It seems that every year in the NCAA Division I men’s basketball tournament, the results get crazier and crazier.
For example, this year, the Dayton Flyers beat not only Ohio State, a perennial basketball powerhouse, but also Stanford and then Syracuse, another elite program. However, the Flyers came into the tourney as a No. 11 seed.
Honestly, the seedings for the field of 68 should just be eliminated. So many mid-major schools nowadays are competing with the major universities and actually winning. For example, in this year’s edition of March Madness, No. 14 seed Mercer beat No. 3 seed Duke. North Dakota State had a No. 16 seed and beat No. 5 seed Oklahoma. See a trend?
Heading into the Final Four, almost all top-seeded teams are out this year, including Iowa State, Wichita State, Kansas, Syracuse, Duke, Ohio State, Villanova, and so on. Once the field of 64 is selected, the selection committee should draw two teams at random out of a hat, pair them together until all the teams are matched up, and let the tournament play on from there. I think what you will find is that more and smaller schools are going to win a national championship.
Let’s look at a team that didn’t make it into the tournament this year – the Wisconsin-Green Bay Phoenix. According to Joseph Zucker, a featured columnist for Bleacher Report, “The Phoenix beat Virginia at home earlier in the season and more than held their own against Wisconsin, losing by three points. Beating Conference USA tournament champion Tulsa also looks good on Green Bay’s resume.”
Now, those games were against tough opponents. Virginia was a No. 1 seed in the tournament this year, Wisconsin was a No. 2 seed, and although Tulsa was only a No. 13 seed, they still won the Conference USA tournament. So, this just goes to prove that the NCAA is not just a David vs. Goliath world anymore, it is more like a Goliath vs. Goliath universe.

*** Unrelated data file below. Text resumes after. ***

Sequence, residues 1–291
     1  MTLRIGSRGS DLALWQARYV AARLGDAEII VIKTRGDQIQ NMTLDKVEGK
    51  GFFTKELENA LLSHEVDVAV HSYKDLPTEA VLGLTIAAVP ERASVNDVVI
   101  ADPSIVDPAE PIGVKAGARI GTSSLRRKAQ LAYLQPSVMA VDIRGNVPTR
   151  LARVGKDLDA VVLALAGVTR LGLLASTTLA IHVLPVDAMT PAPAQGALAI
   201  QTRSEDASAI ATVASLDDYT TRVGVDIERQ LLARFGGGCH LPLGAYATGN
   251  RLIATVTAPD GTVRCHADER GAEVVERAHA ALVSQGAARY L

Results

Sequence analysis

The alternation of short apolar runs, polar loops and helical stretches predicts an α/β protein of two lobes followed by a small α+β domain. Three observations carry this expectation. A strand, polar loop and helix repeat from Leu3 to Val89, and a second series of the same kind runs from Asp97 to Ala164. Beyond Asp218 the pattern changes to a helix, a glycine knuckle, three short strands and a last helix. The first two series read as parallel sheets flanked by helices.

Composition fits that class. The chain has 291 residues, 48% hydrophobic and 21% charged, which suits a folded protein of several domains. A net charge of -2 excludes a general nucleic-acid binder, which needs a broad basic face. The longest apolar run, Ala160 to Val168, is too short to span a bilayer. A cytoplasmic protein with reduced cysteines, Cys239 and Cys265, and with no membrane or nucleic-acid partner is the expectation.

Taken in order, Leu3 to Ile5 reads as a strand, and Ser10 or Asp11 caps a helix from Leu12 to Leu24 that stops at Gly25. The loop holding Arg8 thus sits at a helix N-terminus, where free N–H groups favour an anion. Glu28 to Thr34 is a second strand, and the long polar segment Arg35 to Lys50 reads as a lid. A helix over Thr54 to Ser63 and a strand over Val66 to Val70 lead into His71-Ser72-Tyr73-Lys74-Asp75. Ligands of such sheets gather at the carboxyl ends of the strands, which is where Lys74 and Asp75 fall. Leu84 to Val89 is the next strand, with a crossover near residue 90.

This is a recurring thing. In 2012, No. 12 seed Virginia Commonwealth beat No. 5 seed Wichita State. No. 15 seed Lehigh beat No. 2 seed Duke. No. 15 seed Norfolk State beat No. 2 seed Missouri, which most Mizzou fans would prefer to forget. No. 13 seed Ohio beat No. 4 seed Michigan. Lastly, No. 12 seed South Florida beat No.5 seed Temple. If it is not yet clear, it soon will be. Lots of double-digit seeds are beating single-digit seeds.
Let’s also take a look at the 2013 March Madness upsets. In 2013, No. 12 seed Oregon beat No. 5 seed Oklahoma State. No. 12 seed Mississippi beat No. 5 seed Wisconsin. No. 14 seed Harvard beat No. 3 seed New Mexico. No. 12 seed California beat No. 5 seed UNLV. No. 15 seed Florida Gulf Coast beat No. 2 seed Georgetown. The pattern has continued for many years, and I don’t think it will stop.What I see happening is more 12, 13, or even 14 or lower seeded teams winning more and more, and even winning a national championship.
In the end, you still have to win six games in a row to win the national championship. Teams have a 1-in-68 chance at doing this, so what does it matter what seeding a team has? A national championship team has to beat everyone anyway, so why not beat all the good teams first? With the random game selections, the tournament will not be as controversial as it is with the seedings, and that will provide better tournament results.